that seems reasonable, you're not throwing around as many and complex data types - and (strictly) typed programs that read from xml/json/etc are often very clunky as it more or less requires you make the data reader fully robust against malformed data
you could probably find some stats on what % of [recent] packages on PIP are typed
in a related vein, just putting up air quality/CO2 monitors (and maybe noise while you're on it) could be a quite cheap & scaleable intervention that might offer some valuable/interesting data. If attendees are getting unnecessarily fatigued from a bad environment it might cancel out a bunch of the value from the conference.
For doing this at an EAG, I think it could make sense to start doing this in a single (or a few) rooms as a trial. Should at least be much easier to convince venue & organizers that it's not gonna be a major burden.
Especially fitting if it's rooms used for biorisk discussions!
Since eag's are already volunteer-heavy (I just volunteered at EAGxBerlin), it feels relatively plausible for you/somebody to take ownership of this idea:
Not the author, but this is my understanding assuming the idea holds:
OpenPhil/FTX/etc currently spend a lot of time & effort on evaluating grants. The idea here is that it's easier to evaluate a project after it's finished, e.g. "the area where bednets were given out had X% lower mortality, lives are valued at Y$, so this bednet intervention was worth Z$" - but current status quo is that you have to predict the value of X when evaluating the grant, and make a prediction on the likelihood that it works at all. (technically you'd predict a probability distribution over different values of X), which is much harder than measuring X after the intervention.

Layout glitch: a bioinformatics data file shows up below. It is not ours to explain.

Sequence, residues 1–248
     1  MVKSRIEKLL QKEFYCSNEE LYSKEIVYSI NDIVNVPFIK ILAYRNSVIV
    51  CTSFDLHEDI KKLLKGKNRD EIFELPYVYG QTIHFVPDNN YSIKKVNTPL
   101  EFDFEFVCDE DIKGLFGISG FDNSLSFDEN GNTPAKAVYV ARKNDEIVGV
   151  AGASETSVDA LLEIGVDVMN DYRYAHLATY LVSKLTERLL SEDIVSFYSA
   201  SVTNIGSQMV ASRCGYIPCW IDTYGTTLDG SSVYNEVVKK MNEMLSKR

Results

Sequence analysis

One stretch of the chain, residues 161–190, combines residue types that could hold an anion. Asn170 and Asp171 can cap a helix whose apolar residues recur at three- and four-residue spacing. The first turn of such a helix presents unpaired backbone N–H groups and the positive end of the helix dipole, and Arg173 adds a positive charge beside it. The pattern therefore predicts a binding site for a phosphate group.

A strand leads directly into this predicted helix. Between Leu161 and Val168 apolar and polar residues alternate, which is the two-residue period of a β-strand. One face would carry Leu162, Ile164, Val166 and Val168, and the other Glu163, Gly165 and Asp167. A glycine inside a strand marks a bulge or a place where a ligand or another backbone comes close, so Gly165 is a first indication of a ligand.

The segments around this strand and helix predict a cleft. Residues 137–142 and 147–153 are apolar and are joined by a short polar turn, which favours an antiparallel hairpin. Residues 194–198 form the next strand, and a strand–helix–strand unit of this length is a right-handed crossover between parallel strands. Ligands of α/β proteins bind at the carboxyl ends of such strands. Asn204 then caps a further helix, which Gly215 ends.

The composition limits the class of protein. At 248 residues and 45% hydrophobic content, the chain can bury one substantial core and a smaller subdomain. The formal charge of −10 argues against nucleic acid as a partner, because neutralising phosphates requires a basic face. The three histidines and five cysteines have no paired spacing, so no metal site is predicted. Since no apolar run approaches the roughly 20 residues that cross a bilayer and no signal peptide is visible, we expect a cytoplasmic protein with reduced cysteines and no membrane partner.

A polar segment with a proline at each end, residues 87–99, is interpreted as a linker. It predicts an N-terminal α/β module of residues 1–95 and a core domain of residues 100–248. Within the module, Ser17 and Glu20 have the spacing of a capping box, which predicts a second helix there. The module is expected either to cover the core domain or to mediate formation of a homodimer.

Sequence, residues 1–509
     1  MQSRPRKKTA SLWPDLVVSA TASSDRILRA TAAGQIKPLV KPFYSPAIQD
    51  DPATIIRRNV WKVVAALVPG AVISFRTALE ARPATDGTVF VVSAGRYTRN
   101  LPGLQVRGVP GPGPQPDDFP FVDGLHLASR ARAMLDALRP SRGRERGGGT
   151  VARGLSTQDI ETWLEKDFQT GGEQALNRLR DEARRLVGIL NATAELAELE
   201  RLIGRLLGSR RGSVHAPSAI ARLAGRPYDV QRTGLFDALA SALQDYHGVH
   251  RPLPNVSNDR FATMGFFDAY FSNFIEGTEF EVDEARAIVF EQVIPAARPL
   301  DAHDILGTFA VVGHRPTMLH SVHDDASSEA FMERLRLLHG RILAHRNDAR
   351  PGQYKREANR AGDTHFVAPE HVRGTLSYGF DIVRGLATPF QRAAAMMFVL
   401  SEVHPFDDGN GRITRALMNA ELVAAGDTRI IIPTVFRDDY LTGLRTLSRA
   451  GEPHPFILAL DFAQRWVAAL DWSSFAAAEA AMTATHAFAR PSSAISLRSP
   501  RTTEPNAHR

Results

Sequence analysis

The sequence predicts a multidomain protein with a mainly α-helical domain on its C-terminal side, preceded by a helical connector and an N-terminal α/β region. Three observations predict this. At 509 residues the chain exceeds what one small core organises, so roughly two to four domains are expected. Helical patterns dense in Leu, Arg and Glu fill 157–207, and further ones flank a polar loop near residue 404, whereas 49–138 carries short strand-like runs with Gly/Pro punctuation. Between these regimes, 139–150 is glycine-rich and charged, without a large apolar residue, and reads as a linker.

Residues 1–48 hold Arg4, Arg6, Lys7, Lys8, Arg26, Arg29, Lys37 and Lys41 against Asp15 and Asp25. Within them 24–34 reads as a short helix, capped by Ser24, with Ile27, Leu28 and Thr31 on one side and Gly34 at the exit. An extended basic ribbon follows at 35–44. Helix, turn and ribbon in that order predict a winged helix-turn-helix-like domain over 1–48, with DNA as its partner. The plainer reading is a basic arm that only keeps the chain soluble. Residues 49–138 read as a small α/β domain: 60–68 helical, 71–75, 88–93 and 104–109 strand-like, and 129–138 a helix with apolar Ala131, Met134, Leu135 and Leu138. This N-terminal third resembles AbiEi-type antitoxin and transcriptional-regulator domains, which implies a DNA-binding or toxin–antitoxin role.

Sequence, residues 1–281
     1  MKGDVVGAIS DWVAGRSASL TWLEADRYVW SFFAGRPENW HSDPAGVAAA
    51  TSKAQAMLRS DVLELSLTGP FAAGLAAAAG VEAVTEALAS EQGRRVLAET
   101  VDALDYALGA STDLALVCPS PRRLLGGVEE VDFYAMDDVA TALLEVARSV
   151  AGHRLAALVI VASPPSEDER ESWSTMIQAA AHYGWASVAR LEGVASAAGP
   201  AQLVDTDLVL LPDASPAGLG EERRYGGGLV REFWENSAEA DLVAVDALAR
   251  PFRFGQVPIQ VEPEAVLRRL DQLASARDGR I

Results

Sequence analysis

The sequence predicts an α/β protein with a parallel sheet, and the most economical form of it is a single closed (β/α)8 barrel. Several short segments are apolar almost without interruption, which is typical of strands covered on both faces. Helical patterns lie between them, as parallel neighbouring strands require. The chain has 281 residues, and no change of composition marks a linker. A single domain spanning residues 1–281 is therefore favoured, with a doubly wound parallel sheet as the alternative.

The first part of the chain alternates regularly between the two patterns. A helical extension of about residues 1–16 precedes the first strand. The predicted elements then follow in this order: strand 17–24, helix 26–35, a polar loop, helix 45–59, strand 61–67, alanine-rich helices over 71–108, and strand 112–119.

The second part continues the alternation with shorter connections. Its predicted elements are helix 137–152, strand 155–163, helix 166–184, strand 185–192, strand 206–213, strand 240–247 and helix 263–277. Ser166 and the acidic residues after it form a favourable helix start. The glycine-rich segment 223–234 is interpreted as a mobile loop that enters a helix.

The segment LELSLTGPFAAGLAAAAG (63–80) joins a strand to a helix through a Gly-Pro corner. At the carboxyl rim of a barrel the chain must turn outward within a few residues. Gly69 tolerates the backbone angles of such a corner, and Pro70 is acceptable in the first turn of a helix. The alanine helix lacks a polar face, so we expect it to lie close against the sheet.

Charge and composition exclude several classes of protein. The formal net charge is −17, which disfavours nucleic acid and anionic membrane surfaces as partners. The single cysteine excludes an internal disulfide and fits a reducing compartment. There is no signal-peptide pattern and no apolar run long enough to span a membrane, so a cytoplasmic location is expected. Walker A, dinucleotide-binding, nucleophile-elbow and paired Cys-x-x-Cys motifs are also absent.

Investors (which are VC's and other people) take over the role of predicting the future, and oracular funders (openphil/FTX/etc) get an easier job and can make more accurate donations - making a larger impact than they would do otherwise. And good charity entrepenurs are rewarded more accurately, making more good for the world than if money was wasted on charities that at first glance seemed like a good idea but in fact has bad expected value.
sure, I was mostly just disagreeing with "90% loss of a major coin" - but I suppose you can read that sentence more charitably. But focusing on the inherent value of FTT as the avenue of affecting customers I think is misguided.